In 2019, the Allman Betts Band released its vanguard, Down to the River, and hit the highway to hone an ever-evolving sound. The follow-up, Bless Your Heart, finds Devon Allman, Duane Betts, and Berry Oakley Jr. living up to the legacy of their fathers while reveling in their own voices. The band’s latest effort features a stellar lineup that includes guitarist Johnny Stachela, drummers R. Scott Bryan & John Lum, keyboardist John Ginty, and guest shots from Shannon McNally, Art Edmaiston, Susan Marshall, Reba Russell, and the legendary Jimmy Hall. Bless Your Heart is loaded with bluesy bravado, cool California balladry, and classic Southern Rock style. In anticipation of the Allman Betts Band’s return to Macon on November 20th for a special drive-in concert performance at the Macon Coliseum, Duane Betts took the time to talk about his time off during the pandemic, the new album, and possible future projects.
AI- Let’s start with the brand new album, man– Bless Your Heart. You guys were back at Muscle Shoals [Sound Studio] for that one, doin’ that great analog recording. Was there ever any other choice or was it, “We have to go back to Muscle Shoals?”
It felt like a natural choice for it. It was just comfortable and familiar. There’s a familiarity to that place. It feels like places I’ve been before, like my grandma’s house. So for the second record, we just wanted to go back there. We used Matt Ross-Spang again, and we just kinda repeated the same process.
You mention that feeling of places that you’ve been before. I asked Devon this– I spoke to him right before you guys did the big New Year’s Eve show here in Macon in 2018 goin’ into 2019– and I asked him, “Does it ever feel surreal? You’re up there on stage and you look over and there’s Duane Betts and there’s Berry Oakley Jr. How does that feel to you?” And he was like, “Oh yeah, all the time!” But going back to a lot of those rooms and crisscrossing all over the country– do you feel hallmarks of the past at times?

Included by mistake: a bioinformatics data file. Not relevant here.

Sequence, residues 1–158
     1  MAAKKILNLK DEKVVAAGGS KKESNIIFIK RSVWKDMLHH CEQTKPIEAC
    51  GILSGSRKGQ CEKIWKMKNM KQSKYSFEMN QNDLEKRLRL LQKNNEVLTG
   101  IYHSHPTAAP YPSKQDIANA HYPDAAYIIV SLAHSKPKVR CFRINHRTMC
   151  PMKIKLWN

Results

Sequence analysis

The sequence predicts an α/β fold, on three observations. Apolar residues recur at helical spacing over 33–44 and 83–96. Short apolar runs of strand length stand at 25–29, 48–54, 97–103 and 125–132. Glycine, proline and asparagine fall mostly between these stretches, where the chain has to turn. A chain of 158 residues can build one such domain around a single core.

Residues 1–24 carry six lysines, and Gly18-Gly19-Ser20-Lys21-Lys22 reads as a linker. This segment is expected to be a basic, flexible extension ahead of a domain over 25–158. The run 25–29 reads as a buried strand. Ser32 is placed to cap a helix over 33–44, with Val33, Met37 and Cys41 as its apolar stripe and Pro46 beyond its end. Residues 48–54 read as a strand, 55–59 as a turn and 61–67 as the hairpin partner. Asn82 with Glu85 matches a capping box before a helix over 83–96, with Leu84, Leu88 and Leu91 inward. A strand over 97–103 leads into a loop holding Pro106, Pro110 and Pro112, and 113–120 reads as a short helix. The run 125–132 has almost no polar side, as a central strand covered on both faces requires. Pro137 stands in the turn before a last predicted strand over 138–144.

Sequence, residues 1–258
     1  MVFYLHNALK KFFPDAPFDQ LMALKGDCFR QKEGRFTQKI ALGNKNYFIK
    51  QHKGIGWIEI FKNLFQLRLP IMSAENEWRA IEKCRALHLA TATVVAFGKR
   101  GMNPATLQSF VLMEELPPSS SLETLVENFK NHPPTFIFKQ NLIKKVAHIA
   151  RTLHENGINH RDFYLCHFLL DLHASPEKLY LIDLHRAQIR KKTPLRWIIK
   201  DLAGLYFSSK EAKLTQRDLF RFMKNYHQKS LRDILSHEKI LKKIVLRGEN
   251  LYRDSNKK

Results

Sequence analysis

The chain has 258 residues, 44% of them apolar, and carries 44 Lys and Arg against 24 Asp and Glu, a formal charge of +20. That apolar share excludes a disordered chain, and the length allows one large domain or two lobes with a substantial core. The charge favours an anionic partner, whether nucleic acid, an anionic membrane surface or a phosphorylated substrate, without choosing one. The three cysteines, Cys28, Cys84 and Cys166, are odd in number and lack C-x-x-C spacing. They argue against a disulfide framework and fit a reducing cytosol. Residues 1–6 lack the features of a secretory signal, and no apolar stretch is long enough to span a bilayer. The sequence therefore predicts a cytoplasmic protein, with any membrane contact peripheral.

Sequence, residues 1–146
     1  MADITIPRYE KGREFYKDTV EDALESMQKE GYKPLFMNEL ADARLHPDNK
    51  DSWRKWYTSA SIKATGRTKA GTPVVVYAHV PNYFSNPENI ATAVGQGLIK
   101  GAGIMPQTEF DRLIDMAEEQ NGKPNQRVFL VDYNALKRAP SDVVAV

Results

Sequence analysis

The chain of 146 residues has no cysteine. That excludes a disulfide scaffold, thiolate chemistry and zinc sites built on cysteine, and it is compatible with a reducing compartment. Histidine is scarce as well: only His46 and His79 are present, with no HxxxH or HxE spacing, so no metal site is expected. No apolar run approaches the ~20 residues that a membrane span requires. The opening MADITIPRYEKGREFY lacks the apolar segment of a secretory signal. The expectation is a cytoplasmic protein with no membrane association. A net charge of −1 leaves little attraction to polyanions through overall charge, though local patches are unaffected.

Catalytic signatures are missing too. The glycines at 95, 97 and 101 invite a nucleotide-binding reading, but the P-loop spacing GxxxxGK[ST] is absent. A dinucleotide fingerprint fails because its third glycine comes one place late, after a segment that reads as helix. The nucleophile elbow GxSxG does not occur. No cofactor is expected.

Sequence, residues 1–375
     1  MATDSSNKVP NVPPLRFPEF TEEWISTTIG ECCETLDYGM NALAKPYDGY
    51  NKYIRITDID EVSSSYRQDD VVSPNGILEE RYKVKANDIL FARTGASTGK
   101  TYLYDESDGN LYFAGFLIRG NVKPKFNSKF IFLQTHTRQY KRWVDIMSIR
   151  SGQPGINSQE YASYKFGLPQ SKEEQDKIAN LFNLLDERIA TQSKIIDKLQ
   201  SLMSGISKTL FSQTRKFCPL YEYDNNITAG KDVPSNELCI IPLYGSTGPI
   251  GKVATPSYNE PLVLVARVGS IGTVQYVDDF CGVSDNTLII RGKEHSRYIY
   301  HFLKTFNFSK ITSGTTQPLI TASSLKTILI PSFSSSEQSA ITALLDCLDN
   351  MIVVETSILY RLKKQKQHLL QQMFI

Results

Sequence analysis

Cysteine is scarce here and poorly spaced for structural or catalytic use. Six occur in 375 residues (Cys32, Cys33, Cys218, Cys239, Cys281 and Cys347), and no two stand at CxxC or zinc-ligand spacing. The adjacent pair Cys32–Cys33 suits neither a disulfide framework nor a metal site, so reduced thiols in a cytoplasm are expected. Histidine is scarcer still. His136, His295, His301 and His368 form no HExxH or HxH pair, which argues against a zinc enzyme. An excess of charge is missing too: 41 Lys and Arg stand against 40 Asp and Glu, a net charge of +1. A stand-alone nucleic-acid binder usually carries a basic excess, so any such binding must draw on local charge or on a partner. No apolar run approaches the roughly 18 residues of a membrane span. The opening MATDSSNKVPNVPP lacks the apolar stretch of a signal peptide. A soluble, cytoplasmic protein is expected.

I do! I do. I feel the spirit of the way I grew up on the road traveling and the free-spirited feeling of bein’ in a new town every day and rolling down the highway at night. All of those things make up the whole experience. Traveling and playing music is an amazing thing. It’s an amazing gift that we’re given and then we get to give the gifts to the people– and then they give back to us! It’s just a great process. I kinda grew up on the road in my high school years. I mean, when I was younger not so much, but some of the rooms, when I look over and see Devon and see Berry and think that we were watchin’ our dads do this 20, 25 years ago… It is surreal. I think that spirit flows through what we do and what a lot of other folks are doing as well.
If I’ve got it right, you guys wrote a lot of these songs while you were actually touring for Down to the River. When were you actually able to get into the studio to put the record together?
Yeah, we wrote a lot of the record on the road– much like the first record. It was kind of the same process. We had Stoll Vaughan come out, our buddy who we collaborate with a lot, and I wrote my solo record with. I’ve written a lot with him prior to the Allman Betts Band. Devon liked some of the tunes and asked who that guy was. I introduced them and then we had a nice chemistry, the three of us. We just started writing and then I think we booked the studio time pretty well in advance to just give ourselves some leeway. We knew we were goin’ back in and you just get what you get and if you have it, you have it. If you don’t have it, then you can do it some other time (laughs)!
When were you guys in the studio?
In December. Yeah, I think both records were around that time. So it was just a year later, we went back in. We started writing in the late summer, and we started really writing a lot in the fall.
The pandemic– did that throw off your timeline for the original release of the album?
It just made it to where we didn’t have to really try to get it out in a real hurry. If we would’ve been touring and without the pandemic, we would have wanted to get it out as early as possible. And with the pandemic, we weren’t in a huge rush. We definitely wanted to put it out. We didn’t want to sit on it for a year, but yeah, we weren’t under the gun, so to speak (laughs)!